We all know the benefit of incidental chats with colleagues, sometimes called “water-cooler moments”. They help colleagues get to know each other, which builds connections between employees and leads to better collaboration and teamwork. However, in Sweden, these moments of connection are more formalised, with employees actively encouraged to stop their work, sit down with colleagues and have a coffee and pastry together. Fika roughly translates as “coffee and cake”, but it’s much more about the ritual, the making time for others and the socialising that comes with it.
While the natural inclination may be to feel that there is no time to sit and chat about non-work related subjects, these coffee breaks create a connection that helps individuals feel valued, supported and happier. And we all know that happier people are usually more engaged and productive with their work.
Dress to Impress – Brazil
How you dress is very much a personal preference and an expression of your identity. Dress codes can vary from place to place, ranging from super casual to very strict (for example, the well-known need for suits in the banking and legal sectors). There’s no doubt that it’s good to be comfortable while you work, but also making an effort with your appearance sends a signal that you respect yourself.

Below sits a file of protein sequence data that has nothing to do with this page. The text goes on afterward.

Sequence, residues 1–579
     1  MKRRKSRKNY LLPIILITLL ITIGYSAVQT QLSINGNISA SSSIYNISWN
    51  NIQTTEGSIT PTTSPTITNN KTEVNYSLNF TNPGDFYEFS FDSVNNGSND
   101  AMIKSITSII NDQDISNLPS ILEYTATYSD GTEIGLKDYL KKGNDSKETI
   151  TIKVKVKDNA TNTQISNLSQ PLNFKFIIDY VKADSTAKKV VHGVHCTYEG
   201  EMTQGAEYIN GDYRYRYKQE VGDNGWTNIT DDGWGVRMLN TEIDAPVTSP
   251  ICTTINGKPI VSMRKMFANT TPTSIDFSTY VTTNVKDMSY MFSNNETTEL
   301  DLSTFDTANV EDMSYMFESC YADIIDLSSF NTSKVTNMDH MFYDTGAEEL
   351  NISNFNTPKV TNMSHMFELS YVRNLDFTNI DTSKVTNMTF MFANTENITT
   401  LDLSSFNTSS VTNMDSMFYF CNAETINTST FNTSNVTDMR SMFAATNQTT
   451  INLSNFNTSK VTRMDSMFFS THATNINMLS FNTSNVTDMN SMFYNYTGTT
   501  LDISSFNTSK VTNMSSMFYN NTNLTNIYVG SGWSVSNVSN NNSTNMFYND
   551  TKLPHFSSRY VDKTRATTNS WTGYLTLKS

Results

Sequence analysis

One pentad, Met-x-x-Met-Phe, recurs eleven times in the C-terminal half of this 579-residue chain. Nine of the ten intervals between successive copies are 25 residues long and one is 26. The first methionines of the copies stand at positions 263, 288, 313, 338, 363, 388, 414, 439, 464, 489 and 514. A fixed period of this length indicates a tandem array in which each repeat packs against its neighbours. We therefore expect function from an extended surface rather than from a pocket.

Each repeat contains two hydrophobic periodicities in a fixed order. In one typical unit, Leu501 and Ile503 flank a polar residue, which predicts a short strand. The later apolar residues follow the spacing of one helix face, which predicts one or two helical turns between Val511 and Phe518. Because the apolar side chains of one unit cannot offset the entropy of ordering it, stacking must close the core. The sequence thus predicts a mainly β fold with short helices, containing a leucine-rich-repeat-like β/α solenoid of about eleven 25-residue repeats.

In Brazil, there may still be dress codes for particular roles and industries, but the emphasis is very much on showing your personality through your dress. “Dressing to impress” is not a message about power but rather how you feel about yourself, your environment, and your self-worth. Taking time to look after yourself and how you want to present to the world is a healthy investment in your self-esteem.
Plus, there is also a benefit to changing clothes at the end of the working day and making that symbolic move from work to play.
Start Meetings With Compliments – UAE
In the UK, it is not uncommon to start a meeting with some brief small talk about the weather, but, in general, people are keen to get down to business and get through the agenda. While this is undoubtedly an efficient way of working, it can also cause stress and anxiety because there is little time to connect with each other. Employees can feel the immediate pressure to perform.
In the UAE, relationship-building is an essential part of the working culture. Meetings start slowly, with time dedicated to welcoming everyone, sharing compliments and often enjoying food and drink provided by the host. It establishes a more personal connection from the get-go. This connection is thought to provide a solid foundation from which collaboration often happens more quickly, and disputes are usually easier to resolve.